Let’s talk about honey and bees today! But first, I’d like to start by how far Google Translate has come. It’s both funny and scary how smart this tool has become. As I was writing this article I wondered how many English speakers had used Google to translate honey, as in “honey, pass the salt please”, and gotten a horrible translation. But I was wrong! Funny thing is, for “honey, pass the salt” the translator uses “chéri” ( 👍 ) while for “honey pass the salt” it fails with a literal translation. So, lesson of the day, commas matter in Google translate!
While we’re on the subject of nicknames, let’s learn one or two. French people use a ton of them in regards to children, such as ma puce (my little flee), mon coeur (heart), mon choux (my puff pastry), ma poulette (my chick), mon lapin (my bunny), ma perle (my pearl)... and many others. Between lovers, we often use mon chéri (my dear), but otherwise, among adults it’s pretty rare. It wouldn’t be so well received nowadays in France for a person to call a stranger something equivalent to honey or darling, as you sometimes hear in the South of the US.
Back to the real honey now! There are many producers of honey in France, big and small. One of my brothers even has a few hives in his garden that he tends to on his free time. it is used in a variety of recipes, from pain d’épice (our version of gingerbread), to ganaches, sauces, biscuits and more… Personally, I’ll just have it on a toast for breakfast. The most common types of honey found in French supermarkets are from acacia, linden, lavender flowers, but if you search well you’ll be able to find some rare varieties such as hawthorn, sunflower or heather. There are over 40 varieties produced in France.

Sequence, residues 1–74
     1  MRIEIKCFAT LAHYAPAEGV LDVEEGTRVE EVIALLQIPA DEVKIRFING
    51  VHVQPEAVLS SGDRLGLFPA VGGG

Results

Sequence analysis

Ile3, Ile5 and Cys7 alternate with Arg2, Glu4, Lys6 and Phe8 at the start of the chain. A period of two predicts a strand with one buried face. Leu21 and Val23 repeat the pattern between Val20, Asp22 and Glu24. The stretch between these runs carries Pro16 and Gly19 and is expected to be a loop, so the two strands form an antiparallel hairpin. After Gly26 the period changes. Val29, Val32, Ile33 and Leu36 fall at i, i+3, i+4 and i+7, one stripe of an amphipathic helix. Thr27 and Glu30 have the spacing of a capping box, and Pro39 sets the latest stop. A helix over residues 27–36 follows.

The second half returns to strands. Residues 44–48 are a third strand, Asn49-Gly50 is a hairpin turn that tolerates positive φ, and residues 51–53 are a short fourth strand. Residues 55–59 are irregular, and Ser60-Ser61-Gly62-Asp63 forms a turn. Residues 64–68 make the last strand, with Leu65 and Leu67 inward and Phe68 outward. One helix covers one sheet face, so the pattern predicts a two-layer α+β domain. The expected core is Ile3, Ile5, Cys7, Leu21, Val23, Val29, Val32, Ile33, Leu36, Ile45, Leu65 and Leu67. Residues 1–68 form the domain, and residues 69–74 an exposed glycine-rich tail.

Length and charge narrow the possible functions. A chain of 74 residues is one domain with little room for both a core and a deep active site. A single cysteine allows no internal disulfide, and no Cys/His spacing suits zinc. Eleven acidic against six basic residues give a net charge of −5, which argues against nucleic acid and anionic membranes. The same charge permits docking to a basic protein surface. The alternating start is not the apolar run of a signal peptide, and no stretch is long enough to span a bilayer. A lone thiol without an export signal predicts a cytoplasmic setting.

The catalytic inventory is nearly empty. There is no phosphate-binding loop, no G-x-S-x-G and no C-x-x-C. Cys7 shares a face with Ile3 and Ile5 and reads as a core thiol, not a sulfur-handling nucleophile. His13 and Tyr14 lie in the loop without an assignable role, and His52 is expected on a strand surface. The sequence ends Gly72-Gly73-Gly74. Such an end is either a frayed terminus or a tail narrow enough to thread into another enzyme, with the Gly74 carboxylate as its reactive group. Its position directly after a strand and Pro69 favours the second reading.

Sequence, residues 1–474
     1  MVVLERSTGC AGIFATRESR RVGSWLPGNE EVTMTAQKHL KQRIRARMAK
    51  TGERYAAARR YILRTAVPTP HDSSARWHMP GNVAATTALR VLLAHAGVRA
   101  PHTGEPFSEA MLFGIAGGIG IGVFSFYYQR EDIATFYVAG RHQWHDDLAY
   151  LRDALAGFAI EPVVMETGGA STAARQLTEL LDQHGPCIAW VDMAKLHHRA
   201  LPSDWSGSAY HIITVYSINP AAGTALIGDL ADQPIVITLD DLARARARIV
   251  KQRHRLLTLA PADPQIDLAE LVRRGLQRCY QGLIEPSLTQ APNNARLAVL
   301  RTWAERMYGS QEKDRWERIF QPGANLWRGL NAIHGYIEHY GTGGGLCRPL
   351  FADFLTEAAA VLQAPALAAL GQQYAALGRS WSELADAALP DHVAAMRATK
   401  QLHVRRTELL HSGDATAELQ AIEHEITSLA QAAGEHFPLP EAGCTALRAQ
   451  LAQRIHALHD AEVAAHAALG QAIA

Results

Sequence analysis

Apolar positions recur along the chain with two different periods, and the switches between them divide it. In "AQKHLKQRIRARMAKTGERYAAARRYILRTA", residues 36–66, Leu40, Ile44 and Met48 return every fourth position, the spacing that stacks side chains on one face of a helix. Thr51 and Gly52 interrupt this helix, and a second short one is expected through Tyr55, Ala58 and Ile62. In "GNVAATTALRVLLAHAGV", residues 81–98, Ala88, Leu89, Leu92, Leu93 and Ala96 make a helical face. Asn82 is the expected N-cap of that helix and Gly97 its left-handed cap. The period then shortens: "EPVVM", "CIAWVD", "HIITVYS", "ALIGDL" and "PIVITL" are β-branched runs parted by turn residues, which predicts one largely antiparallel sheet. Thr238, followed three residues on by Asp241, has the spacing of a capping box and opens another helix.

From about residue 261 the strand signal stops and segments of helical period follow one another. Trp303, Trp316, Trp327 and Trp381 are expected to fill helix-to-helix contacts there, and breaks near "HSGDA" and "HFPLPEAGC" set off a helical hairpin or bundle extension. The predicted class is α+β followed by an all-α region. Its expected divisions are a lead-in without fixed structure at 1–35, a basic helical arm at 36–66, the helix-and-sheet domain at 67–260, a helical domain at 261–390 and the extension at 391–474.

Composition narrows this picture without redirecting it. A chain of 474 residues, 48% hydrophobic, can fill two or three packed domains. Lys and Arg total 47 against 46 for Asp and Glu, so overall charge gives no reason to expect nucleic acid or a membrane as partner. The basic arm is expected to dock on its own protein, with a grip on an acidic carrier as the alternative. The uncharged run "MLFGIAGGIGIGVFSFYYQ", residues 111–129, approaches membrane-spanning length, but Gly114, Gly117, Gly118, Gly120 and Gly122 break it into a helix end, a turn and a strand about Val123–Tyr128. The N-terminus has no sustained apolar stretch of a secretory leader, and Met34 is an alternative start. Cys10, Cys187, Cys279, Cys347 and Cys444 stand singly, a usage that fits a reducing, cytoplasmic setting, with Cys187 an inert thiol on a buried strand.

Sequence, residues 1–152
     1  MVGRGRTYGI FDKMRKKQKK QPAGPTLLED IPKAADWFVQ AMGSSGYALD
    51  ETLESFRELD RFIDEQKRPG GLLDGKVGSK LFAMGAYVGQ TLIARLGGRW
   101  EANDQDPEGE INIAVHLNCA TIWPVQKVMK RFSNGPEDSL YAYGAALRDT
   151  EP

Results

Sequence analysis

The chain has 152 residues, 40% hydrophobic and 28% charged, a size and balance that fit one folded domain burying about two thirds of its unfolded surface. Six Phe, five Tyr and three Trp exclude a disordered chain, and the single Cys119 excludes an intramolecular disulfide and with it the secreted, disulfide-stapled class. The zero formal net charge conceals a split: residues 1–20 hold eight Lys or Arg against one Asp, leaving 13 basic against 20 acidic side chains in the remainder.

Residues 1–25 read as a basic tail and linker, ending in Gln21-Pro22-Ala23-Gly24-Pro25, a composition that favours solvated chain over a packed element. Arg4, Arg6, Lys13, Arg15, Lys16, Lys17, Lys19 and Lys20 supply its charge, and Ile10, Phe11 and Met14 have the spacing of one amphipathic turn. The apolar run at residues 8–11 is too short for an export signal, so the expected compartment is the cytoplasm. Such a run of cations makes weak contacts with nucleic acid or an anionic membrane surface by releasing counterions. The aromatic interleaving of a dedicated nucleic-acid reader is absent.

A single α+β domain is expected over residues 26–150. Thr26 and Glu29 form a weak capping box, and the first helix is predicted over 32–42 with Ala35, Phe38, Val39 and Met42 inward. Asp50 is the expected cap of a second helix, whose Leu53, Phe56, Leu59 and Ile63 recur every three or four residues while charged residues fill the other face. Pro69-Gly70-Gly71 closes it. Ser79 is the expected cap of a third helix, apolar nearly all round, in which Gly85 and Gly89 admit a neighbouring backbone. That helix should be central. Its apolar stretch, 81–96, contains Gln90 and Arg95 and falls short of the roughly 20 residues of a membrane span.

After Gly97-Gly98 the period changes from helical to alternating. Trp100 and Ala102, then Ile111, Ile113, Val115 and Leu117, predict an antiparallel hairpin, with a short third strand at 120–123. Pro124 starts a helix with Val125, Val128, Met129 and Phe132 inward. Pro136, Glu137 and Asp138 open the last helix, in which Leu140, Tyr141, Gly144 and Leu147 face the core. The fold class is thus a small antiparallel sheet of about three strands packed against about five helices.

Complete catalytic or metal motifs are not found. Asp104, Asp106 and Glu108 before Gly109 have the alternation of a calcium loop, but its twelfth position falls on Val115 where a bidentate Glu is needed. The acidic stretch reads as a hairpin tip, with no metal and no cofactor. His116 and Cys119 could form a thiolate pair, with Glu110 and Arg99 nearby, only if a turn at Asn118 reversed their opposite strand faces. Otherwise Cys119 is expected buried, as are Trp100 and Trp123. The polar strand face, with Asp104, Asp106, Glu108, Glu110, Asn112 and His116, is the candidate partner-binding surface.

Trivia time! Did you know bees are the oldest symbol of the French royal dynasties? Their image was found on items dating from the 5th century and was recuperated by Napoleon to suggest immortality and resurrection. His other animal symbol of predilection was the eagle. Isn’t that neat y’all? : ) Of course this guy's a whole other subject we can go back to (once I find a decent GIF about it that's NOT Napoleon Dynamite for crying out loud!).
So while the bees produce honey, hives also are the center of collection and production for beeswax, pollen, nectar, propolis and royal jelly.
As for many food items in France, there is a great pride in producing the finest honey, with the most rigorous rules in the production process. Honey producers are strongly organized to defend a mode of production that preserves the qualities of honey, against less scrupulous importers. And yet, we have to import half of the honey consumed in France, as our production continues to decrease (more about this in length and in French here). The most current threat is pesticides from intensive agriculture. It’s not the lightest topic I’m afraid, but while we were busy killing off weeds to improve our fields’ production, we ended up poisoning many hives. Bees have also been affected by parasites, fungus and bacteria, killing off up to 80% of bees in certain areas. One of the main points of discussions in that industry also seems to be about the heating and filtering process that some producers do . Heating honey allows it to remain liquid and avoid the natural crystallization, but it also tends to destroy natural enzymes that participate in its unique aromas and qualities. The more you read, the more you know! I find this so interesting and hope more and more people learn to value the diversity and richness of taste of honey.
So on your next trip to France, or here at home, don’t miss out on a visit to a bee farm, and in the meantime, here is a bit of vocabulary to describe honey!